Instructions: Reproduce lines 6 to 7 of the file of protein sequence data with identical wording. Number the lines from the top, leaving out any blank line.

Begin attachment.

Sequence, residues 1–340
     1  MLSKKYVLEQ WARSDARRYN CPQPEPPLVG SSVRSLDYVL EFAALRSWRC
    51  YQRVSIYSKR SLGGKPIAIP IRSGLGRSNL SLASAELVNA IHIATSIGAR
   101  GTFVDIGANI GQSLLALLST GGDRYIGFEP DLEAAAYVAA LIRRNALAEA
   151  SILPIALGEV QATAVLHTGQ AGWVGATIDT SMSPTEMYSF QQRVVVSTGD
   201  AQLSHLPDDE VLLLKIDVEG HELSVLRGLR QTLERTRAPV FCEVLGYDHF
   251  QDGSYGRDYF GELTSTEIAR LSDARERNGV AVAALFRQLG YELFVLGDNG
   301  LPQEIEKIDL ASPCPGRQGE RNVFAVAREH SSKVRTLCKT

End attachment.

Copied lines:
   201  AQLSHLPDDE VLLLKIDVEG HELSVLRGLR QTLERTRAPV FCEVLGYDHF
   251  QDGSYGRDYF GELTSTEIAR LSDARERNGV AVAALFRQLG YELFVLGDNG